This shelf unit took me less than $50 (all boxes and bins were from Wal-mart, by the way) and maybe an hour of my time. Granted, my supplies were already stored in re-purposed jars and I've had the shelf for years which saved me both time and money. To me, that was $50 very well spent. The art supplies are still easily accessible and now it looks nice. You too may already have just what you need to get organized.

Happy Friday!

Saturday, February 18, 2012

What's a Mud Closet?

I know, two posts in one day! What is the world coming to? But I owe you some posts and today is make-up day. Some folks follow only my Sunday treats while some only look for my cool tips and tricks. I felt it was unfair to please only one group. If you are a faithful follower who reads both, I hope you don't get bored!

A month or so ago, I saw an "I Did It!" column in Better Homes and Gardens where a mom turned her coat closet into a "mini mud room." She put in a bench and shelf. Under the bench, each kid had a bin for shoes. On the shelf, each kid had a bin for hats and gloves. As soon as I saw it, I knew it was the brilliant beyond brilliant solution to our laundry room coat closet. Let me paint you a picture...

Imagine if you will a typically sized laundry room. Not one of those gigantic magazine layout laundry room / mud room / whatever room that could fit the whole family plus the dog plus a 9 foot grand piano. I'm talking about a regular, normal people's house, laundry room. The kind where the washer and dryer (and one cabinet - if you're lucky) are on one side and a blank wall on the other where the family traipses out in single file to enter the garage. That is my laundry room. However, the builders of my lovely home decided that they needed to add a second coat closet in this tiny "room." (The other, smaller coat closet is in the living room just inside the front door.)

This closet, in the laundry room, was built over the stairs to the basement. Thus, it has no floor. Well, it has a floor. Set at a 45 degree angle. Not super useful to have a closet without a usable floor. The real issue though, was the doors. Now, if you're paying attention, you should have counted two doors. The big, heavy, metal door to the garage and the closet door. That open into each other, by the way. We lived here less than a month when we dented the garage door with the handle to the closet door since they were both opened simultaneously. (I was inside getting into the closet, my husband was outside trying to come in.) But what you haven't heard about is the door separating the laundry room from the kitchen. I love that door. It closes off the sound when the machines are going and it's a nice place to stash mess when unexpected guests arrive. However, that door ALSO opens into the laundry room. So you end up with a regular sized laundry room with 3 doors that all open into the same space.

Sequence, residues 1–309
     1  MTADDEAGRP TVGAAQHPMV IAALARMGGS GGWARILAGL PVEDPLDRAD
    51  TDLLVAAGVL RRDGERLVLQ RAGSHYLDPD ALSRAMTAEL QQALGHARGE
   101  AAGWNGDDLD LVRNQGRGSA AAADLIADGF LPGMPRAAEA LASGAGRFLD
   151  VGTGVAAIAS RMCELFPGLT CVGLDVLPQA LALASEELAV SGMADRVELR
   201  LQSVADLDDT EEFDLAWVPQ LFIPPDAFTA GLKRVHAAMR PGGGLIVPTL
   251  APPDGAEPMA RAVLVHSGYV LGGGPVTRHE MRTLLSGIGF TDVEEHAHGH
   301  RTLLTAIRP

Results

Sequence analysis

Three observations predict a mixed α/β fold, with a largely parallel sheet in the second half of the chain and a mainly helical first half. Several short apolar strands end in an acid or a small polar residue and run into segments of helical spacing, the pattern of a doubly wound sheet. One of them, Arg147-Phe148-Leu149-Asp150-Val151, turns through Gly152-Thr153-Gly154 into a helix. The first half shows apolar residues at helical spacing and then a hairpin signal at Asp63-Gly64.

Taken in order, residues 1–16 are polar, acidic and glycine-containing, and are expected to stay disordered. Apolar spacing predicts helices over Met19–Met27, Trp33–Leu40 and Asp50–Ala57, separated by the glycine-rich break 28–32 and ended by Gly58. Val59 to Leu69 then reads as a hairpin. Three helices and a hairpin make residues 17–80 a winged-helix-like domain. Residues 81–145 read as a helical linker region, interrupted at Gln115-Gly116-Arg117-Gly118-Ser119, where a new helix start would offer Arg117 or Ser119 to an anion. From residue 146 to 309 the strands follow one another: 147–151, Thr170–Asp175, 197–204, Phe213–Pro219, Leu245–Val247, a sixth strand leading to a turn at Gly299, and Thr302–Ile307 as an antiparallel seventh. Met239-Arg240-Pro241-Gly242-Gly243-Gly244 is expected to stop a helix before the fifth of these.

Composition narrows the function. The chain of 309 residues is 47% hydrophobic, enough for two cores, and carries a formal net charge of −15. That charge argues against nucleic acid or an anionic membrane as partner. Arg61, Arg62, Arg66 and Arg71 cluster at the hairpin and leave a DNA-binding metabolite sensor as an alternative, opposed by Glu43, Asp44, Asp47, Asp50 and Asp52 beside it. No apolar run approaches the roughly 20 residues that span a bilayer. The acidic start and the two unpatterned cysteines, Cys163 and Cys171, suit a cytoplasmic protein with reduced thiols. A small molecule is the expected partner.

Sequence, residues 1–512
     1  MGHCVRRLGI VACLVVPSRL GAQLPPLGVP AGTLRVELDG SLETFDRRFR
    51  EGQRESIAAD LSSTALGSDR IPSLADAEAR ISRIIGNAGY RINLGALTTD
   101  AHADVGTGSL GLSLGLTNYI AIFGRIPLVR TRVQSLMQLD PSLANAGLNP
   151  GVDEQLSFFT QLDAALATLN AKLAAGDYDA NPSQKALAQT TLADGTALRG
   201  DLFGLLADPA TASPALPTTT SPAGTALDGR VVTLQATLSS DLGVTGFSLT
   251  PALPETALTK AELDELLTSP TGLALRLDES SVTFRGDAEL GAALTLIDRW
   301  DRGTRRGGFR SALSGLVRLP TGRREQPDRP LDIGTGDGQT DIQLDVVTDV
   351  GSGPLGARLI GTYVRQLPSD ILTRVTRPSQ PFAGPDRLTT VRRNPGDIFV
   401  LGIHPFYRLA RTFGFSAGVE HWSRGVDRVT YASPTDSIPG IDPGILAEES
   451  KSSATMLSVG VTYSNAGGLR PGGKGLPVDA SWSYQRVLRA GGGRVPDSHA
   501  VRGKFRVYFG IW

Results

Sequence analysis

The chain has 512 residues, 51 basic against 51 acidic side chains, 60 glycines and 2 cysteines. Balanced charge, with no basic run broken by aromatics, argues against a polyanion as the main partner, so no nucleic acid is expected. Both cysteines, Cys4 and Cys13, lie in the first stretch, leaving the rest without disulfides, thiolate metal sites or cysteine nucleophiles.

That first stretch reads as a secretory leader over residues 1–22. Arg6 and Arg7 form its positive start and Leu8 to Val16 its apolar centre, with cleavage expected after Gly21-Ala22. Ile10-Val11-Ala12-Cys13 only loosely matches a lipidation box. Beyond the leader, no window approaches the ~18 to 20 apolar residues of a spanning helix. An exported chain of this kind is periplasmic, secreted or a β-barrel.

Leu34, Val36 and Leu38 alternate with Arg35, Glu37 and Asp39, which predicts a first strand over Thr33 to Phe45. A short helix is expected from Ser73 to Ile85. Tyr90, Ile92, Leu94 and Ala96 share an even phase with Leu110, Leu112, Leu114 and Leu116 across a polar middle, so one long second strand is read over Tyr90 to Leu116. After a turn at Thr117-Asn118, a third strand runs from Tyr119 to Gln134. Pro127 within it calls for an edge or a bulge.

To top that off, I had this mirror with hooks thing that hung behind the door to the kitchen for the kids to hang their coats. Thus, that door never really opened all the way. So, small space. Lots of doors. Cramped, cramped, cramped.

Our "Mud Closet" After Picture
So when I saw the closet transformation in the magazine, I knew this was for us and off the closet door came! It took a little longer to complete than our typical projects mostly because of the painting and staining and the extended dry time due to our sudden onslaught of cold weather. Since it was a closet, it had not been painted so we had to paint the walls to match the laundry room. Thankfully, we had the leftover paint left by the builder. (I also painted the ceiling, because it's a closet, so why not?) We also decided to make the bench and shelf out of 2x4's and 2x6's to look like spa benches. Those were stained in the same color as the molding, also left by the builder.

After Pic of the Bench and Floor
The tricky part was dealing with the sloped floor. We discussed just painting it. Blah. We thought about putting a barrier at the base of the slope so it would become a bin. Also blah. So then we thought, make it look like the floor. That way your eye doesn't see the slope. So while, my mom and I were off getting my hair cut, my husband and father worked their magic and covered that slope with wood planks, also left by the builder. Thanks builder guy!

I have since added hooks for the kids coats, bins on the shelf for their hats/gloves/scarves, and a cool drink bucket (found on clearance at Target) to throw shoes in.

I am super excited about what we affectionately refer to as our "mud closet." The only sad part is the retirement of "the system." Our former method of shoe/hat/glove/scarf organization has now been replaced with a pretty cool bucket, some awesome bins, and another (lame) basket in the other closet for my stuff. The true test is whether or not shoes actually make it into the bucket...